al-Waslah ila al-Habib fi Wasf al-Tayyibat wa-al-Tib [Reaching the Beloved through the Description of Delicious Foods and Perfumes] by Ibn al-'Adim, Kamal al-Din 'Umar ibn Ahmad (1192-1262); edited by Sulayma Mahjub and Durriyah al-Khatib. Halab: Ma'had al-Turath al-'Ilmi al-'Arabi, 1986. 2. vols.

In his introduction and ten chapters, the author, a 13th cent. native of the city of Aleppo in North-central Syria, describes the different recipes which he himself applied and savored the dishes he prepared and the ingredients for the manufacturing of different kinds of perfumes.


 

Nishwar al-Muhadarah wa-Akhbar al-Mudhakarh [The Table-talk of a Mesopotamian Judge] / by al-Qadi Abu 'Ali al-Muhassin ibn 'Ali al-Tanukhi (940?-994) ; ed. By 'Abbud al-Shaliji. Bayrut : Dar Ṣadir, 1971-1973.

The Abbasid judge and administrator al-Tanukhi spent more than twenty years in compiling this voluminous encyclopedia about the culture of food and drink and table manners, including descriptions of the opulence and magnificent banquets in the households of the ruling and upper classes in Baghdad and the provinces of the Islamic Empire. He says that he collected his material firsthand-without using any other written work-from the wise and learned people who used to visit him. Parts of this work were translated into English by D. S. Margoliouth and published in 1921-1922.


 

Kitab al-Aghdhiyah = Book on Dietetics / by Ishaq ibn Sulayman al-Isra'ili (d. ca. 935). Frankfurt am Main, Germany : Institute for the History of Arabic-Islamic Science, 1986.

This is a facsimile edition of the complete manuscript MS 3604-3607, Fatih Collection, Suleymaniye Library, Istanbul (4 parts in 3 volumes), copied in the year 708 H/1308 A.D.


 

Kitab al-Aghdhiyah wa-al-Adwiyah [The Book of Foods and Medicines] by I by Ishaq ibn Sulayman al-Isra'ili. Bayru¯t : Mu?assasat ?Izz al-?Arab lil-T?iba¯?ah wa-al-Nashr, 1992.

In this voluminous Medieval Arabic treatise, the Egyptian Jewish physician Ishaq ibn Sulayman al-Isra'ili (d. ca. 935) who later moved to al-Qayrawan in Tunisia, speaks about the various foods and the best ways for preparing and using them-according to his own experimentation - to help the individual maintain good health. This edition was based on the manuscript MS 3604-3607, Fatih Collection, Suleymaniye Library, Istanbul, copied in the year 708 H/1308 A.D.


 

Kitab al-Aghdhiyah wa Hifz al-Sihhah [The Book of Foods and Health Maintenance] by Muhammad ibn Yusuf ibn Khalsun (14th century?) Edited and translated into French by Suzanne Gigandet. Damas: Institut Francais de Damas, 1996.

The author of this book is most probably a 14th century North African scholar. Although it is not a cookbook per se, it contains much material describing the different foods and the hygiene of their preparation and use in order to maintain good health. It was written to a friend who had asked him to compose a book that will relieve him from asking the advice of physicians. In a way, this treatise is on "preventive medicine," a concept underemphasized in our modern medical schools.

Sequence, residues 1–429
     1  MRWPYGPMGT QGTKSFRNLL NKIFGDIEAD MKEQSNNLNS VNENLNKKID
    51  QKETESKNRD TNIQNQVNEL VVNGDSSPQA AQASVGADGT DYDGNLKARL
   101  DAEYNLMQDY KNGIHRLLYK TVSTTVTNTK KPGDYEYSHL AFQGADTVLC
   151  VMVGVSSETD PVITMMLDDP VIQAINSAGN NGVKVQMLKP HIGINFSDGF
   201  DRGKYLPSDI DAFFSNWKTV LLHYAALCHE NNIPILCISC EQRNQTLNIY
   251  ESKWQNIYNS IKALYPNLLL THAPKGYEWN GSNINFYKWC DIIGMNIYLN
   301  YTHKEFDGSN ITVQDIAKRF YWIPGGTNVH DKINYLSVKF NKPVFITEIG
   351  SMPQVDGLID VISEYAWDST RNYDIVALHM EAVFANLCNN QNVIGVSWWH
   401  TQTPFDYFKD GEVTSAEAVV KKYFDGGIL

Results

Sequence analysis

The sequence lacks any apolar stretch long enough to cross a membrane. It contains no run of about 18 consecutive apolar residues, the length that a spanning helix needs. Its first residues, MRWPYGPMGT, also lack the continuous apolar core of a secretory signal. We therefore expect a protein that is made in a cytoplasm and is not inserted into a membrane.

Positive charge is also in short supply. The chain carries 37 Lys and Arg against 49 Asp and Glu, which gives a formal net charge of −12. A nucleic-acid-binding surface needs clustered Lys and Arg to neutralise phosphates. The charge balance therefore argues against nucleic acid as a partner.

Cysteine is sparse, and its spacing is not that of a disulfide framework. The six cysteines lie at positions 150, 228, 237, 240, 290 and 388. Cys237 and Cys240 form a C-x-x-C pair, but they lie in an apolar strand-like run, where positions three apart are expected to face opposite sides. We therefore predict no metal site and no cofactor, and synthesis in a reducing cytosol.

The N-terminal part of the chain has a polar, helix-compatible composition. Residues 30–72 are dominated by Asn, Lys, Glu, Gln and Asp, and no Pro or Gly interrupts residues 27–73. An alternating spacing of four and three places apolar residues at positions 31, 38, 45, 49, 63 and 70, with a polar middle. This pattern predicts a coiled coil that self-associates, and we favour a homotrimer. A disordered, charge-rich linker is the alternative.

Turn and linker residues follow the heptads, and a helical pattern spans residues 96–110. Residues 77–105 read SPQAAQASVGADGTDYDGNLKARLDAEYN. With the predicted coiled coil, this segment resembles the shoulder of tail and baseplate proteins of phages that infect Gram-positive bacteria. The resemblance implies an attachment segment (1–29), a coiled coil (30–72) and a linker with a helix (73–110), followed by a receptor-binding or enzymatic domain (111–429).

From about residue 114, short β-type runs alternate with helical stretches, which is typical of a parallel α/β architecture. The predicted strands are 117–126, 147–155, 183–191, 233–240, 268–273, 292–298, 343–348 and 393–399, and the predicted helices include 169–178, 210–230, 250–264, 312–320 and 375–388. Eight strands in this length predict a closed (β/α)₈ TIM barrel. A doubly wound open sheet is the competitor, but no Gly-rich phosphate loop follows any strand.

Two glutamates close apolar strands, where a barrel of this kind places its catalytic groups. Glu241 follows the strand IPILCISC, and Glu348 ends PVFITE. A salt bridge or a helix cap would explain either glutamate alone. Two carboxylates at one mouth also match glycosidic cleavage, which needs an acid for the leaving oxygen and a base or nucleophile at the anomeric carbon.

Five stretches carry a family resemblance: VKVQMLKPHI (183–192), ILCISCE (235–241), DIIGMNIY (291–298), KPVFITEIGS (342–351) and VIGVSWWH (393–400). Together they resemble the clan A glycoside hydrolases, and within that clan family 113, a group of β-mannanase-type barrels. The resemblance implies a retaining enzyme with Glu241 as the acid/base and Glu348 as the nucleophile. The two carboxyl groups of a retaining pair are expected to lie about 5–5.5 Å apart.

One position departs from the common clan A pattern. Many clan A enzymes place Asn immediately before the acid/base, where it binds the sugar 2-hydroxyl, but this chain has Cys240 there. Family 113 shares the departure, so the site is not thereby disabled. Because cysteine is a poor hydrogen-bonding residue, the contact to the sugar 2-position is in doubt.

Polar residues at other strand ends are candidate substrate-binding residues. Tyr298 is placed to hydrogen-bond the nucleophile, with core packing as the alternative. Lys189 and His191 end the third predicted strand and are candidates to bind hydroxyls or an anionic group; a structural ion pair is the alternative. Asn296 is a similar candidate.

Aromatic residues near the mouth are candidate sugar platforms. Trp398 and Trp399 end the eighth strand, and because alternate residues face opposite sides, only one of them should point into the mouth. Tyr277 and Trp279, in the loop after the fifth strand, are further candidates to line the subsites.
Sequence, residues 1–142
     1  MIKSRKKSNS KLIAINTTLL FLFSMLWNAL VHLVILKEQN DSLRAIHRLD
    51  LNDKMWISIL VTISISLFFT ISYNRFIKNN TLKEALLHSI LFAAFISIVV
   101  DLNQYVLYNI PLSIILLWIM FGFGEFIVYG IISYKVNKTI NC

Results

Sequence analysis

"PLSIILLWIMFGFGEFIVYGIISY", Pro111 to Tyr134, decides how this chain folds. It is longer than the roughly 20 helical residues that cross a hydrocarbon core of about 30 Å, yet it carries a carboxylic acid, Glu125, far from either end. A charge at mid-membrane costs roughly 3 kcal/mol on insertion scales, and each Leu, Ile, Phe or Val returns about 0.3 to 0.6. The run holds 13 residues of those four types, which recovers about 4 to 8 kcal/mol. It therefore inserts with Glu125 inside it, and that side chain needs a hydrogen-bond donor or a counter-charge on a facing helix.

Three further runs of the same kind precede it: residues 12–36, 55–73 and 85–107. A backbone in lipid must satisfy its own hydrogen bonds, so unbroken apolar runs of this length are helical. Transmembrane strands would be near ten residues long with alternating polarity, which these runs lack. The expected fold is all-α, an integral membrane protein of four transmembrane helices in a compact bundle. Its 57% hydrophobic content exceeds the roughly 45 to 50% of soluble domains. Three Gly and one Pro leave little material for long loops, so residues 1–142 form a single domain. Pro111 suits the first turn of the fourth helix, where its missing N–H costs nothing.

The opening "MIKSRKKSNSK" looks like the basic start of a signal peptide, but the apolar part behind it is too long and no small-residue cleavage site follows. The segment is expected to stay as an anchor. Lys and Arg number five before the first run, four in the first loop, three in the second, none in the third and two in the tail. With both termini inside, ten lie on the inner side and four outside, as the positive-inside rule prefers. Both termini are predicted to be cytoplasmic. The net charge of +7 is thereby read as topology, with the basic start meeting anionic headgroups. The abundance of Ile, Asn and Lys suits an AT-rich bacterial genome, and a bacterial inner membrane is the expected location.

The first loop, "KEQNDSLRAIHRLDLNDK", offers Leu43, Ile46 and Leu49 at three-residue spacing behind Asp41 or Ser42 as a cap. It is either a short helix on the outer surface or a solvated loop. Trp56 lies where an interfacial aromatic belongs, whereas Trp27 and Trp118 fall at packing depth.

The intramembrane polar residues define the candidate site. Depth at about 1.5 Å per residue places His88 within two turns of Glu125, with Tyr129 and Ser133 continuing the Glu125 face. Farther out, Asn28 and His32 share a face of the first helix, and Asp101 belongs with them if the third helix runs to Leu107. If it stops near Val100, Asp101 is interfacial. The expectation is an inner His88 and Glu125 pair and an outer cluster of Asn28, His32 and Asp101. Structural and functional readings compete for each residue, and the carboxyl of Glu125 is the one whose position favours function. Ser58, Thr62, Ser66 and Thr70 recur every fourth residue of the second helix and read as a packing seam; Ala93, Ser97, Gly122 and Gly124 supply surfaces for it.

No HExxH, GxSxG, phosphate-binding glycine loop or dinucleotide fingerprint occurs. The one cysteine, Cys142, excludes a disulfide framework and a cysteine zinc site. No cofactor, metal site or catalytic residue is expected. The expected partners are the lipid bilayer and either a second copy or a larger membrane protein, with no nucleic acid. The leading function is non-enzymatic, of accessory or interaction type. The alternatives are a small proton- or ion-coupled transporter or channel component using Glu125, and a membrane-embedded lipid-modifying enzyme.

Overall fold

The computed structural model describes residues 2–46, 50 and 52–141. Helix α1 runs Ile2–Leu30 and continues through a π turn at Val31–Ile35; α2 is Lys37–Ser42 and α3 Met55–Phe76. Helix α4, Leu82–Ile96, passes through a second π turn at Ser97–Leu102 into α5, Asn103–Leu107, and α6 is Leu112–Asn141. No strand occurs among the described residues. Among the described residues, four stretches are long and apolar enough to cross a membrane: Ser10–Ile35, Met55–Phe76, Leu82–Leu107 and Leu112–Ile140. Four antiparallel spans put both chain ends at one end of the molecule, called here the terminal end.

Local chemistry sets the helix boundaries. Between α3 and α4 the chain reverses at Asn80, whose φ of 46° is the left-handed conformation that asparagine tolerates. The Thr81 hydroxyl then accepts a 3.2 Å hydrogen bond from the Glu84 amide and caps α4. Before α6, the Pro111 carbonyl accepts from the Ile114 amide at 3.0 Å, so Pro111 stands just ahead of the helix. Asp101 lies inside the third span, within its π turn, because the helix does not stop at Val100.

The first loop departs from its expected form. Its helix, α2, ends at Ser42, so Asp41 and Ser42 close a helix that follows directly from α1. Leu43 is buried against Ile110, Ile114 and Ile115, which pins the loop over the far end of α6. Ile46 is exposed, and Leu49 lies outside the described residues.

Qutb al-Surur fi Awsaf al-Khumur [The Zenith of Pleasure in Descriptions of Wine] by Abu Isḥaq Ibrahim, known as al-Raqiq al-Nadim (11th century), edited by Aḥmad al-Jundi. Dimashq: Majma al-Lughah al-Arabiyah, [1969]

In this 11th century treatise, though not about the Arabic Islamic cuisine per se, the author, a native of al-Qayrawan (Tunisia), a high court official and an accomplished poet, man of letters and historian collected anecdotes in poetry and prose about the culture of wine and its peripheries: the magnificent banquets, the music, and the conviviality of the men and women singers and boon companions during the era of the Arabic and Islamic opulence.


 

Al-Mukhtar min Qutb al-Surur fi Awsaf al-Anbidhah wa-al-Khumur of Ibrahim ibn al-Qasim al-Raqiq al-Qayrawani (11th century) [Selections from The Zenith of Pleasure in Descriptions of Wines and Alcoholic Beverages] Selected by 'Ali Nur al-Din al-Mas'udi (ca. 1219), edited by 'Abd al-Hafiz Mansur. Tunis: Mu'assasat 'Abd al-Karim ibn 'Abd Allah, 1976.

Although this book is a selection from the previous, it contains materials not found in the extant manuscript of the original. Very little is known about the author of the selections except that he was alive ca. 1219. He might, however, have been a Tunisian also as the two extant manuscripts of the selections are of Tunisian origin.


 

Kitab al-Tabikh [The Book of Cookery] by Ibn Sayyar al-Warraq, al-Muzaffar ibn Nasr (10th century). Edited by Kaj Ohrnberg and Sahban Mroueh. Helsinki, 1987.

This 10th century treatise is, so far, the earliest extant cookbook in Arabic. In its 132 chapters, the author, about whom is little known and who might have lived in Baghdad, not only describes recipes for the preparation of the different foods and drinks but also kitchen hygiene and table manners.